May day has always seemed to me to be a day in the calendar that cries out to be celebrated. It is about this time of year that the evenings become light for long enough to enjoy. If we are lucky we can pack away our winter coats and jumpers for the year. A bank holiday moved around from year to year to suit commercial requirements has never really seemed adequate to it. Even the bank holiday seems to have been conceded rather grudgingly. I am old enough to remember the first one. I seem to remember a conservative politician suggesting dropping it in favour of a day to commemorate the battle of Trafalgar.
There aren’t many folk traditions that have survived to mark May Day, though some people have tried to revive or create them. I remember running into some Morris dancers who told me they had tried to start welcoming in May at dawn by dancing near the Long Man of Wilmington, a chalk figure on the South Downs. They had been rather put out to arrive in the car park only to find that some Druids were already there.
But there is one place that has a long tradition of marking the first day of May. In Oxford at 6.00 am choristers climb to the top of the tower of Magdalen College and sing a short set of madrigals. Crowds gather to hear it, and then the pubs open and various unconventional things occur. Morris dancing rubs cheeks with new age stuff involving drums and wearing foliage. Even jazz is tolerated.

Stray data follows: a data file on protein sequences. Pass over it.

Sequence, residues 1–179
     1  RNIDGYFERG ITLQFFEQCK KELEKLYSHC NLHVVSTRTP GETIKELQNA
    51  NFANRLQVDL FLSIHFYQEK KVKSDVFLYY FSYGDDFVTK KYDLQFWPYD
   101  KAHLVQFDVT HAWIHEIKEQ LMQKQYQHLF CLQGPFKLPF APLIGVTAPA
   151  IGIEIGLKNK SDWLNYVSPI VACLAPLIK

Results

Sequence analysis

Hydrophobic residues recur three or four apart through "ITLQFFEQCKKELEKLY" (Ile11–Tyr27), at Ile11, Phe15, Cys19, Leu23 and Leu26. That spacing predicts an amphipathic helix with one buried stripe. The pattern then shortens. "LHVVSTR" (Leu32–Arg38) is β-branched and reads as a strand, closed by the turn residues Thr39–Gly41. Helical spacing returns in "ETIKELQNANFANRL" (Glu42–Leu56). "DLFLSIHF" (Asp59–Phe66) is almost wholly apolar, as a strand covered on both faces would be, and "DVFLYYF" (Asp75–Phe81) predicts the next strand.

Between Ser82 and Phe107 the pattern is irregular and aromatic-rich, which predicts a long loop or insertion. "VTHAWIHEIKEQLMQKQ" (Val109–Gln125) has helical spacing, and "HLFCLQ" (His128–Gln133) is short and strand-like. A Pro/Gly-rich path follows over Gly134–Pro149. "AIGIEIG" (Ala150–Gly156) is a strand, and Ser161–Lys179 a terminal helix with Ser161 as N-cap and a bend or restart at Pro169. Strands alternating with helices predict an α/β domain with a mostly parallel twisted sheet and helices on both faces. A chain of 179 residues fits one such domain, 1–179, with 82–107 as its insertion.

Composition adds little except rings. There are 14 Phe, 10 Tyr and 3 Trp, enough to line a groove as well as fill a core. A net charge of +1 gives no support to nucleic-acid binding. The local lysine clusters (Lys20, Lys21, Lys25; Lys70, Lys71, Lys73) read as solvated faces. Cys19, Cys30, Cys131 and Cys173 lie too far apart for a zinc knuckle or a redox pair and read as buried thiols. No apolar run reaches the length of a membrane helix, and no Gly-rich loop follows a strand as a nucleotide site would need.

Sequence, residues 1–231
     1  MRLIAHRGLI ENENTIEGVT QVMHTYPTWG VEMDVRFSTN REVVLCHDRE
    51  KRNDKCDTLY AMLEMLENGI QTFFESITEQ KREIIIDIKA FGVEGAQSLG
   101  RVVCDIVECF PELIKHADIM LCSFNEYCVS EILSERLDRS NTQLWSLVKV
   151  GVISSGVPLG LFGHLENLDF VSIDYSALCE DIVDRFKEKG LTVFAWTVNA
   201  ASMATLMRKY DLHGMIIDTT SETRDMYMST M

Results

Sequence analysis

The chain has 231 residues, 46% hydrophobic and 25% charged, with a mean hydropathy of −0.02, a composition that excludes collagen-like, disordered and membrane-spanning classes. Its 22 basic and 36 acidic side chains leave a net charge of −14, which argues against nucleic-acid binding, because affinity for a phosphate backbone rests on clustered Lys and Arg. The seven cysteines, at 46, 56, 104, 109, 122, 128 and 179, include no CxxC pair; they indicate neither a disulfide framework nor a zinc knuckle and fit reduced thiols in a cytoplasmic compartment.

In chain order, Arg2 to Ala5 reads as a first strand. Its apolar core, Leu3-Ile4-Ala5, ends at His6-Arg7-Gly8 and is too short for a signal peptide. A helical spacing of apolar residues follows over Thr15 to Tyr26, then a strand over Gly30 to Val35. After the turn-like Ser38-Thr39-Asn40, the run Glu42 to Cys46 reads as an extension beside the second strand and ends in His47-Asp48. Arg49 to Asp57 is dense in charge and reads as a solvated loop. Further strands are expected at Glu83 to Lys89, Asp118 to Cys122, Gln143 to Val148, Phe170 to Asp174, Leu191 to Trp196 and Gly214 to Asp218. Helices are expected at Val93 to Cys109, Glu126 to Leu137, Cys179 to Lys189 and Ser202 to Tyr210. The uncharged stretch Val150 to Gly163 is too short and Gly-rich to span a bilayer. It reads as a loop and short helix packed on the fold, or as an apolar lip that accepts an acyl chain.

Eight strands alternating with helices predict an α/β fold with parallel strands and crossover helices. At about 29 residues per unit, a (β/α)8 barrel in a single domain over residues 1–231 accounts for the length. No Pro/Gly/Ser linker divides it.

So when business happened to take me near Oxford on the 1st of May I set my alarm and arrived early enough to spend a few hours in the city enjoying the spectacle. I had been several times before but not for a few years. I don’t remember the singing being amplified before – but maybe I just wasn’t close enough to realise previously. This year I got right down near to the bridge and very close to the tower itself.
The turnout of the crowd was very large. There were plenty of people who looked like students and a fair smattering of foreign languages. And there were also people in costumes who had come to mark the event. But I think the vast majority were simply young people who lived in Oxford who were simply out to have some fun.
The madrigals were listened to politely enough and each one got a round of applause. But there was also a prayer. It was an inoffensive and mercifully short enough one calling on God to bless everyone. It was a standard enough format so it was easy to tell when it was building up to the final amen. I prepared to ostentatiously not join in the chorus of answering amens. But nobody responded. The crowd didn’t even pause – it was as if nobody knew that it is customary to repeat the amen at the end of a prayer.
I found that really interesting. When Rowan Williams recently announced that Britain was a post Christian country, I think he was spot on. I don’t like to think of myself as being more out of touch than a former Archbishop of Canterbury, but it was a surprise to me to find such widespread indifference to a religious occasion. I don’t remotely mind this. I regard Christianity in much the same way as I do most of history. It is interesting to visit, but I wouldn’t want to live there. The sooner it becomes an historical anachronism and ceases to be an actual force in society the better in my book. But I had not realised just how far we have got in that direction.